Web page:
October 20, 2011

Thank You Sara, Thank You Faraday

Imagination decides everything. Blaise Pascal

Sara Douglass 1957 - 2011 - Australian Fantasy Author Image Source

B:        Reflexive memory is a funny thing.  All the strange, half remembered, half-ridiculous little pieces that flutter into your mind and then disappear again, just as quickly. Reflexive memory is also a source of frustration. I seem, never to be able, to remember the littlest, most important part of the memory.

Where has this morose little morsel developed from you might wonder. To answer, I can only give a name. Sara Douglass.

I think I was about 20 or 21 when an uncle introduced me to her first book BattleAxe. I was hooked from the first sentence and by the end of the book I could think of nothing but getting a copy of the second book, which, luckily, he owned.

This was another world full of magical beings that I could identify with, even though they were so very different from me. I wanted nothing more than to be an Icarii. This series of books was also the first in which I strongly wished for the death of one of the main characters. Faraday. How that woman annoyed me. Perfect at everything. No flaws. Irritating beyond measure. It was with relief I read one day, that Sara also hated her. Image.

Shortly after I began reading the series, I met one of my best friends, co-blogger and co-author of this post. http://surelysarah.blogspot.com/>Surely Sarah.  She sat next to me in an anthropology tutorial and I saw she was reading BattleAxe and before I new it, I was asking her if she hated Faraday yet. Like most of the other memories around this, I cannot entirely remember what her answer was. I think she said not yet, and that I said, you will. It was an odd way to start a friendship but over a decade later it seems to have worked.

S:         “Don’t you just HATE Faraday?”

I looked up from my copy of "Battleaxe" – it was a girl addressing me. I probably looked at her in complete incomprehension. I tend to get completely lost in any book I’m reading.  But then I realized she was talking about the main character in the Sara Douglass novel I held in my hand. I was a first year uni student and I was early for my first tutorial for Introduction to Anthropology. I knew no-one at all and had been avoiding talking to people by burying my nose in Douglass’ tome.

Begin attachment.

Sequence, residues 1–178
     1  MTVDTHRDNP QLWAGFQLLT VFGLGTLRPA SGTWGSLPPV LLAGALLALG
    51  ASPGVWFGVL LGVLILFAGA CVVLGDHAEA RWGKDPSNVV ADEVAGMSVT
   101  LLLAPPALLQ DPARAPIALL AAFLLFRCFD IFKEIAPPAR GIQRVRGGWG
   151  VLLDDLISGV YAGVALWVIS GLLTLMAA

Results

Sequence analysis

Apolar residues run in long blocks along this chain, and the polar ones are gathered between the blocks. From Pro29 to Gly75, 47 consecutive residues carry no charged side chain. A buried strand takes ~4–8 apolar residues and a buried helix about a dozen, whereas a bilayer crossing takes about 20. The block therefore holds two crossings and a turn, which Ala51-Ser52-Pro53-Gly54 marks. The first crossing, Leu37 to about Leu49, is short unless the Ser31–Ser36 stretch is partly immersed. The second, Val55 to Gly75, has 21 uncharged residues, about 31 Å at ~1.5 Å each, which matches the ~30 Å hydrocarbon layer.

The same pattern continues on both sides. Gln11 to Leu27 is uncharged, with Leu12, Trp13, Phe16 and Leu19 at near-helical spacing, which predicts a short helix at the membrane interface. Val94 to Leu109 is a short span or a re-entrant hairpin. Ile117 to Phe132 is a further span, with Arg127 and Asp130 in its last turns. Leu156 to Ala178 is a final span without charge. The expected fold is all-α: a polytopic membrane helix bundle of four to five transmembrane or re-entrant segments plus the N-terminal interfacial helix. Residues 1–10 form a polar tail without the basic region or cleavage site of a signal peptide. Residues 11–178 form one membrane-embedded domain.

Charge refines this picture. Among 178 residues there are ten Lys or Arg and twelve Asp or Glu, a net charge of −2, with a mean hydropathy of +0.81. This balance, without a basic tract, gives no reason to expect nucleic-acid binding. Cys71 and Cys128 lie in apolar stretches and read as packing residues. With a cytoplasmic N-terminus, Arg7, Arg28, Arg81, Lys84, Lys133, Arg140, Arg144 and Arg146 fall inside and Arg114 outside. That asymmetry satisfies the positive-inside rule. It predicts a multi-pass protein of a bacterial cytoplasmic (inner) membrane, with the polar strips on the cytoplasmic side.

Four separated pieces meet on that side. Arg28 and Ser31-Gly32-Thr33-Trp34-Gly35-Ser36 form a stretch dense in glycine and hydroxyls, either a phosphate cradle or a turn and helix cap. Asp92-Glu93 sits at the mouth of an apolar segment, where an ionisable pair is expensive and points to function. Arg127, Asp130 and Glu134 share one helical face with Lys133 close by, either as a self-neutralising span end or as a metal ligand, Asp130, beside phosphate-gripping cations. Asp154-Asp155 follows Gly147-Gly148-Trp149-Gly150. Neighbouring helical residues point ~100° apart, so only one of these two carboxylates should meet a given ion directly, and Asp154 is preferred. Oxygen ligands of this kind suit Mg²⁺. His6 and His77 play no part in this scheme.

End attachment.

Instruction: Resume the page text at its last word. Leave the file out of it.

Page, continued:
The girl promptly sat down next to me and we started to talk about the series. Her name was Brooke, and she had already read all the series and probably the next one. Being only halfway through the first book I had no real fixed opinion about Faraday either way, but Brooke was adamant that she was an insipid half-wit who was possibly the most annoying character in literary history.  As it turned out, she was right – even the author later famously wrote that she would like to drop a spiked pumpkin on Faraday’s head.

The most important point was that I had made a friend, and it was all because of Sara Douglass, her insipid Faraday and the Axis trilogy.  I went on to read the rest of that series and the next. Brooke continued to read everything Sara Douglass ever wrote and we always shared a love of reading.

I was deeply saddened last week to hear of Douglass’ passing as a result of ovarian cancer. Always close with her fans, she will be dearly missed not only for her wonderful writing, but her sense of humour and the encouragement she always offered to those who were budding authors. I recall in the early days of the internet, she was very involved in her website and I found it a wonderful resource not only for interacting with other fans, but for writing tips as well.

The writing world has lost a great author and friend - but her legacy lives on through all of those who share a love of her work.

The book that started it all...

B:        I don’t really know what to say about Sara. I never met her. I never spoke to her. I only knew about her from her website and blog. And I realise I am writing about her in the past tense. Sara Douglass left this life on 26 September 2011. I find that with the number of deaths surrounding me this year I cannot bring myself to write more.